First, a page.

fabmagazineonline_Malaika Firth as the the new face of Prada

 

After using a black model in their ad campaign for the first time in 19 years,  19-year-old Malaika Firth in 2013, Iconic Fashion label Prada gave the world another surprise this 2015 Paris Fashion Week.

For decades in runway seasons  Prada had no black models on its catwalks. In the 90s we saw streams of European models seamlessly strut the Miuccia Prada designs and it was only till the late 2000s that we began viewing growing numbers of models of darker shades ; Asians, Hispanics and blacks on their runway. Of one of those new entrants include Malaika firth, Prada’s first black campaign model in almost 2 decades.

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But this season, Prada quaked the fashion world with the magic of au naturelle hair represented in varying styles of miniature afros by fabulous black models: Lineisy Montero, Karly Loyce et al who graced this year’s Parisian runway with elegance blended in a touch of afrocentricity.

In an era where black hair is either chemically stretched, altered or retorched and black models rarely seen on runways with their real hair in display, we find this a welcome development especially for the fashion industry.

 

 

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The natural black hair movement has been around since the 50s and 60s but with the birth of hair alteration chemicals as an alternative to managing the quirks of  a stronger hair breed, came the dearth of the natural Afro for women of colour. And since then ongoing debates have been around the balck woman and her hair that it has become an almost sensitive subject triggering racially conjectured sentiments.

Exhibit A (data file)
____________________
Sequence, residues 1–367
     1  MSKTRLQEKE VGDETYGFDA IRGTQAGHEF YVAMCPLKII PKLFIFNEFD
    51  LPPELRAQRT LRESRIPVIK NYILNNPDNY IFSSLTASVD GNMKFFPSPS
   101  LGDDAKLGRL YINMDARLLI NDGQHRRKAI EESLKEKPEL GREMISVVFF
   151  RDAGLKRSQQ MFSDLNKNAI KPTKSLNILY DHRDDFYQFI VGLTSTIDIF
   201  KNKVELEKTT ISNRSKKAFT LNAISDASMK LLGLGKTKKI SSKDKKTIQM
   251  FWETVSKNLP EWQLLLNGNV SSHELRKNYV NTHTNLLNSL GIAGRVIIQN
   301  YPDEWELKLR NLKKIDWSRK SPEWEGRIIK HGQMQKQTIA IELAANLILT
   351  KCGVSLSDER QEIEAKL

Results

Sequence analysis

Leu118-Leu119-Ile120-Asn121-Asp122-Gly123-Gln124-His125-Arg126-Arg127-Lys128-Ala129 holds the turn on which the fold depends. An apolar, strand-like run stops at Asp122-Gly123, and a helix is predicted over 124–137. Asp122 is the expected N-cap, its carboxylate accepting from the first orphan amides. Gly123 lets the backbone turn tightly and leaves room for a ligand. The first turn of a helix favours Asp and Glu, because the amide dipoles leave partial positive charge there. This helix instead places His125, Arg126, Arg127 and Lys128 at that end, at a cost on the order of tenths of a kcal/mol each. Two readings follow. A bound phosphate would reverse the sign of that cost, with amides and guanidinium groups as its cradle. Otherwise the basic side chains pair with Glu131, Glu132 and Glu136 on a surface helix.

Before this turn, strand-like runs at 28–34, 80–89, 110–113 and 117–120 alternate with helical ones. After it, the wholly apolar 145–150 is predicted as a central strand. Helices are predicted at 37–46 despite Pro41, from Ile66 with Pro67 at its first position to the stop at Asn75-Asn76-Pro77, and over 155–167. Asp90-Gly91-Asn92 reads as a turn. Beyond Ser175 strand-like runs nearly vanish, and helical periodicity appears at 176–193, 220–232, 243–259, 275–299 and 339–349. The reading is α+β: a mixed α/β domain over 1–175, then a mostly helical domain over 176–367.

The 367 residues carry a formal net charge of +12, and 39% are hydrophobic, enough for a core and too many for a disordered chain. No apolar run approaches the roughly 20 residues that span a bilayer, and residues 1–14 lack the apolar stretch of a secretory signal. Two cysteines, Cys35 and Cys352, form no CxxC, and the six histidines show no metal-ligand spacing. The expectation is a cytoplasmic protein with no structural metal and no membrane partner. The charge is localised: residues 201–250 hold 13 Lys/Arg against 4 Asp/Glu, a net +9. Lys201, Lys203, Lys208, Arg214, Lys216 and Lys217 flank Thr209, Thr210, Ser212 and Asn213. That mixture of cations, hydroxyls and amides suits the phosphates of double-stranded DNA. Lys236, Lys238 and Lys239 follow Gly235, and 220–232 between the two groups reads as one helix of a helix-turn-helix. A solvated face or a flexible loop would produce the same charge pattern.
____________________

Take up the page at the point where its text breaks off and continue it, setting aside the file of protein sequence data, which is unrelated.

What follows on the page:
I am brought to memory the Guiliana Rancic statement on E’s Fashion Police about dreadlocks, weed and patchouli, the outrage it awakened in the social media whilst reminiscing on soul sista , India Arie’s “I Am Not My Hair” hit single. The re-birth of the  afro went live on Prada’s catwalk this season and the result has been a positive social awakening to natural hair consciousness.

A great new age for Prada in this  re-invocation of  a vintage trend which has long since been neglected across the times but which truly shows the beauty of  natural hair and why we women of colour should not fear to wear our African hair real and wear it proud!

 

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